Library features commitment-free literature

In The Stacks

Posted: Sunday, August 24, 2003

The Juneau Public Library offers commitment-free fiction and non-fiction this week: short stories, poems and essays you can read for as long as you've got and still come away satisfied.

"The Poetry Anthology, 1912-2002," edited by Joseph Parisi and Stephen Young "Poetry" magazine was founded in 1912 to give poets a forum, and has had the great fortune over the years of being the first to publish such now-classic poets as William Carlos Williams, Wallace Stevens and Carl Sandburg. Virtually every significant poet of the 20th century has been represented in its pages, and now they are collected here in one volume for your enjoyment.

"Crossing into America," edited by Louis Mendoza and S. Shankar From the beginning of their journeys from their home country to their arrival in the United States, writers from the Philippines, Romania, Mexico and Kashmir document their lives. Writers such as Sandra Cisneros, Frank McCourt, Maxine Hong Kingston and Jamaica Kincaid give a human voice and experience to the flat immigration statistics we read.

"Among the Mansions of Eden," by David Weddle This is a behind-the-scenes look at the movers and shakers, eccentrics and wanna-bes, and the often-ugly underbelly of Beverly Hills. Each chapter explores an aspect of the area, from personalities like Milton Berle and Norm Zadeh, to the Persian community and Beverly Hills High School. Fascinating, gossipy and twisted.

"Meeting the Other Crowd," by Eddie Lenihan One of Ireland's master folklorists has collected fairy stories that show Ireland's "Wee Folk" in all possible lights. Whether they are punishing those who cross them, teaching those who please them or rewarding those who help them, the fairies in these stories are forces to be reckoned with. In the true tradition of folk tales, not all of these are child-suitable.

"Great Dream of Heaven," by Sam Shepard The stories in this collection have the clarity and absurd disconnectedness of dreams. And, like some dreams, images found here will stay with you for a long time. Whether it is two old friends driven apart by a Denny's waitress, a boy watching a fixer of bad horses do his job, or a short drama about a man, a woman, Proust and a bowl of cereal, these are exquisite looks at another world.

"The King in the Tree," by Steven Millhauser What if Don Juan went to England to continue his amorous adventures, only to find himself snared by the heart? Should a woman who puts her house up for sale after her husband's death be allowed to give his mistress a tour? And what of the story of Tristan and Ysolt - is it love or duty that brought them together to cuckold the king? No answers in this collection of three novellas, but plenty to wonder at.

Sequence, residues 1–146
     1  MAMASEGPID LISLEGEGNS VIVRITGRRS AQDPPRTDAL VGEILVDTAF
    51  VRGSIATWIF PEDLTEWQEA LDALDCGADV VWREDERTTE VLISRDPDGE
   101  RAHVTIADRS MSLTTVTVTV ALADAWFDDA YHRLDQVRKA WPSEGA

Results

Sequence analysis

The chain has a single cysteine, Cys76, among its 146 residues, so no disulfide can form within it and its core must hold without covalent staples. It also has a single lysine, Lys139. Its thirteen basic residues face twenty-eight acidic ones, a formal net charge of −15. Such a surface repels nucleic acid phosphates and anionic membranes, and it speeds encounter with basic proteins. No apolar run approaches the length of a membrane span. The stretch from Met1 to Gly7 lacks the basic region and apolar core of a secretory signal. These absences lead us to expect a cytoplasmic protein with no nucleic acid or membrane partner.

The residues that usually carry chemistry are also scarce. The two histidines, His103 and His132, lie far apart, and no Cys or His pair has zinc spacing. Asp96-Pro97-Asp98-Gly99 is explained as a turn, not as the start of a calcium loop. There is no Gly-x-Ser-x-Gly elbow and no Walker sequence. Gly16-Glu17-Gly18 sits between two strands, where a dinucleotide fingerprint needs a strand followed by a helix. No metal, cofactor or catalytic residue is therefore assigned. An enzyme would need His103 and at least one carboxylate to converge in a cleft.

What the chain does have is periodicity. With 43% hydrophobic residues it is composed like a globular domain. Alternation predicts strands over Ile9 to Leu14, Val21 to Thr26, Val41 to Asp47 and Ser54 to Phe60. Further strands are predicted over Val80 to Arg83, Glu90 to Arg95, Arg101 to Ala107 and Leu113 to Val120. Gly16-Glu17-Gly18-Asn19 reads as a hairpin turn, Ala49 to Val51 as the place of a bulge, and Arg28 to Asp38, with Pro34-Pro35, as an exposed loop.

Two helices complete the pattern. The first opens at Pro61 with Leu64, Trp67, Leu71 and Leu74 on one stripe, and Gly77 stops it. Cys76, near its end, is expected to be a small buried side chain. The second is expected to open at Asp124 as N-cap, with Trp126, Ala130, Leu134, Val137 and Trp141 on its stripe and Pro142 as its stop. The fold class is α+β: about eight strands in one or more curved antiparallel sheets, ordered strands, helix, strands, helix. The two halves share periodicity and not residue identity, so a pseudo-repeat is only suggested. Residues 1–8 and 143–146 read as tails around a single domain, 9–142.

"The Collected Stories of Greg Bear," by Greg Bear One of the biggest names in science fiction, Bear has collected 27 of his best stories for your enjoyment. All have been previously published, though some were in magazines and haven't, until now, been reprinted. Each one is accompanied by a new introduction. Bear's hallmark is well-researched speculative fiction, and several of his stories, bearing in mind the scientific knowledge of the time they were written, have become near-realities as our knowledge has increased.

"The Book of Spies," edited by Alan Furst The "literature of clandestine political conflict," as Furst describes this collection in his introduction, is widely varied and includes secret agents, terrorists, political assassins and more. In this collection of excerpts from famous and canonical writers in the genre such as Joseph Conrad, Maxim Gorky, John Steinbeck and Rebecca West, you'll find everything from raw anger to regret over what must be done, and yes, even some humor.

• If you'd like to place a hold on any of these titles, call the Juneau Public Library at 586-5249. If you have Internet access, your library card and a PIN, you may place your own holds by going to our Web site (www.juneau.org/library) and looking at our catalogue. Placing holds on items featured here is now even easier. The new columns are hyperlinked to the catalogue: simply look up the column, click on the title you want, and you will be ready to place a hold.



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